This has worked time and time again, and it's a very powerful training technique. This is all the sort of thing that I do in my foundation classes. Now something to point out is, you can do that same exact approach when you are further along in your training. So let's say that you were no long working on primary. Let's say that you were following the K9 Nose Work training method where you start with food and then you do paired odor as far as birch, anise or clove, and now you're just solely on a target odor, and you've been doing it for a while. You may even be competing. Your dog is doing great. But now they're going to the point where they need to do even higher elevation. They need to be doing hides that are three, four, five feet high. You could absolutely bring your boxes back into the picture. What I mean by that is, you can still have your non paired, if you decided to do that, at large elevation hide.
Meaning it's four or five feet up. But you could have some empty boxes facing that hide to allow the dog to investigate the box first, to then figure out where the odor is actually coming from. It gives a dog a sense of familiarity. When they already have a long reinforcement history with boxes, there's no reason to really throw that away. The other great thing about boxes is that they're really easy to transport. So when you want to be able to do training sessions at your field trip locations further down the line for your dog's training, you can just set your boxes up. It could also be a great way of warming your dog up. Anyone who does trialing knows the boxes are used for warm ups. So you could do that within your search area as well.
For instance, let's say that you wanted to do an exterior search with your dog, and your dog happens to be a little bit on the sensitive side. Maybe they're environmentally sensitive, or they could just be very environmentally invested. Or maybe they're not worried about the environment, but they think the environment is really cool. Wouldn't it be nice if you could do a test search where you can see whether or not your dog can actually even think in this space? That's where you can bring your boxes into play. Use the same exact search area that you were going to. You can even still have exterior hides, but have your boxes near those exterior hides to help offer a level of familiarity for the dog. They can come in. They can say, "Oh, we're doing boxes. Clearly we're doing the sniffy game." You can test whether or not they're actually able to perform, or if they may need to have more skills to be successful in that space. That'll be so beneficial, as opposed to trying to force your dog to do well within a given space and just hope for the best.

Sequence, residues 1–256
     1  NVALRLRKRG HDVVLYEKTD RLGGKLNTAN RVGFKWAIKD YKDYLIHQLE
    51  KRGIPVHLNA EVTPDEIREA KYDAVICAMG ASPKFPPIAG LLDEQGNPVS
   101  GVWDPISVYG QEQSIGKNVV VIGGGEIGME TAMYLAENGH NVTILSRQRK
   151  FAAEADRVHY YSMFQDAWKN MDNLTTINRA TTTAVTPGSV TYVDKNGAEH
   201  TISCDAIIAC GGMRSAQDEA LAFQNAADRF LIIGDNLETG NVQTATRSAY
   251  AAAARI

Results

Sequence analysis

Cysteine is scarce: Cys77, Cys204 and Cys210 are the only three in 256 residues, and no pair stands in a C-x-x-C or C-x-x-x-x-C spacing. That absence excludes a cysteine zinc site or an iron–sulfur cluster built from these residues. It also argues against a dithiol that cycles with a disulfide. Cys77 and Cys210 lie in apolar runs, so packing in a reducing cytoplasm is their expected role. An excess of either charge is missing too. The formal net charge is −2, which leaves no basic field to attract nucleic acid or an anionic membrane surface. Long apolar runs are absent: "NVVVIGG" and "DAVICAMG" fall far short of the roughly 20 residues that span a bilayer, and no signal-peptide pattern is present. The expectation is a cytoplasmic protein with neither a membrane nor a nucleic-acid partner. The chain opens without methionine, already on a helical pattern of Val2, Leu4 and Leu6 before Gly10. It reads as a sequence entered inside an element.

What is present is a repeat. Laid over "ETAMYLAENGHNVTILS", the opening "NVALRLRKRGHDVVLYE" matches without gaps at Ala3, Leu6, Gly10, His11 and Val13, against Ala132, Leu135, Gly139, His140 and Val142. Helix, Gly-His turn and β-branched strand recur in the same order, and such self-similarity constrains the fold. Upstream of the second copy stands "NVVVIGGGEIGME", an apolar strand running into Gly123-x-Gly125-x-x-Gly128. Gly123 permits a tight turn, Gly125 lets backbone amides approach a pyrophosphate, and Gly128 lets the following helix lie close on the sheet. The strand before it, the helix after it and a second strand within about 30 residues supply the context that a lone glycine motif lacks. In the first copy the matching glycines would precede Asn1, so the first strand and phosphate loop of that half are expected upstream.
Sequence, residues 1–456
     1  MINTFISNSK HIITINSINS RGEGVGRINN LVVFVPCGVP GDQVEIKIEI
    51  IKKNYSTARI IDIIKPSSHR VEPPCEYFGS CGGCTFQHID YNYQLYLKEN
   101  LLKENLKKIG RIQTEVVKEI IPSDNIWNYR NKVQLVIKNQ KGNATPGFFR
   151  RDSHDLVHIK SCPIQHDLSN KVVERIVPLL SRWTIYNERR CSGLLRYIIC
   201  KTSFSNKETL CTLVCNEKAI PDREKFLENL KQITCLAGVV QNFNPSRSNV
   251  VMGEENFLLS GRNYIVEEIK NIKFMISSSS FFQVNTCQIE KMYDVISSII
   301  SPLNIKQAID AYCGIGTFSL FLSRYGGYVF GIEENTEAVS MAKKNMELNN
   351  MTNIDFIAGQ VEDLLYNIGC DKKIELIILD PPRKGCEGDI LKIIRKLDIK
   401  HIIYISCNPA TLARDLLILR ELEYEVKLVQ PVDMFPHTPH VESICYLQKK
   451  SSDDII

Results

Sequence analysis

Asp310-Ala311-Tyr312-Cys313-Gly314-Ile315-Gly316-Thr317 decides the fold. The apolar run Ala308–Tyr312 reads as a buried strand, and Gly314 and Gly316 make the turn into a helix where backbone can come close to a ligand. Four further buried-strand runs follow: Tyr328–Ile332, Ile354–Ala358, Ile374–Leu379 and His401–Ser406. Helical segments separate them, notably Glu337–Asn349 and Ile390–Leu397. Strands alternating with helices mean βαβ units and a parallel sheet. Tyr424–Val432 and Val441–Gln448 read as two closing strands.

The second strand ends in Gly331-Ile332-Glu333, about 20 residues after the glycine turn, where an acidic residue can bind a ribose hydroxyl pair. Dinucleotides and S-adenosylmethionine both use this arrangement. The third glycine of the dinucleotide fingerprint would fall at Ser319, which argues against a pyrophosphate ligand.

To do repetition after repetition after repetition and then have them fail over and over and over again. Have you get frustrated, simply because you think that using boxes will be going backwards. "Only baby dogs use boxes!" It's silly. Use this sort of thing as a tool. Use it as a training tool. Don't just simply throw it away, because you perceive that it is something that only baby dogs do. The other great thing about boxes is that you can use them to incorporate into really complicated odor pictures. So if you're trying to do something, like we noted, with very high elevation, that could absolutely be something you can use your boxes for. What about suspended hides? You can do that as well. You could just have boxes. You can suspend your boxes up.
If you're going to a completely crazy location in order to do your searches. Maybe you're trying to work a lot on distractors, where it could literally just be the environment is really distracting, or you actually have a lot of distractors. Wouldn't it be nice to have, again, a level of familiarity for your dog? Where you can set them to succeed, maybe for a warm up search. See if they can actually work in that space first. Give them an opportunity to be successful, and then you can go from there. I'm hoping that these examples can showcase that this is suppose to be a training tool. It's not simply suppose to be some black mark that we never talk about and say, "Oh well, I used to use boxes, but I don't use boxes anymore. I'm this really accomplished Scent Work person, and I'm amazing, and boxes are just for baby dogs." That's just silly. It should be used as a training tool. It should be used as a way to help your dog master these skills, and to further progress in their Scent Work training.
The other thing I wanted to talk about was pairing. I know pairing is definitely something that not everyone agrees upon. There's lots of different schools of thought as far as Scent Work is concerned. There's lots of different schools of thought as far as pairing is concerned. I am a CNWI with an NACSW. I follow the K9 Nose Work training method. I think that it works really well, and I am a very big proponent about pairing. I think pairing is awesome. That being said, if you wanted to use pairing, it should not be seen as something that you do for a very short period of time and you can't wait to get rid of. I tend to see this a lot with people who are definitely interested in competition. Because they say, "Well, I wouldn't be able to use pairing, obviously, at a trial. It's just going to be birch, anise or clove, or whatever target odor that we're using. So I need to get rid of that pairing as quickly as possible, so that I know that my dog understands finding the hide."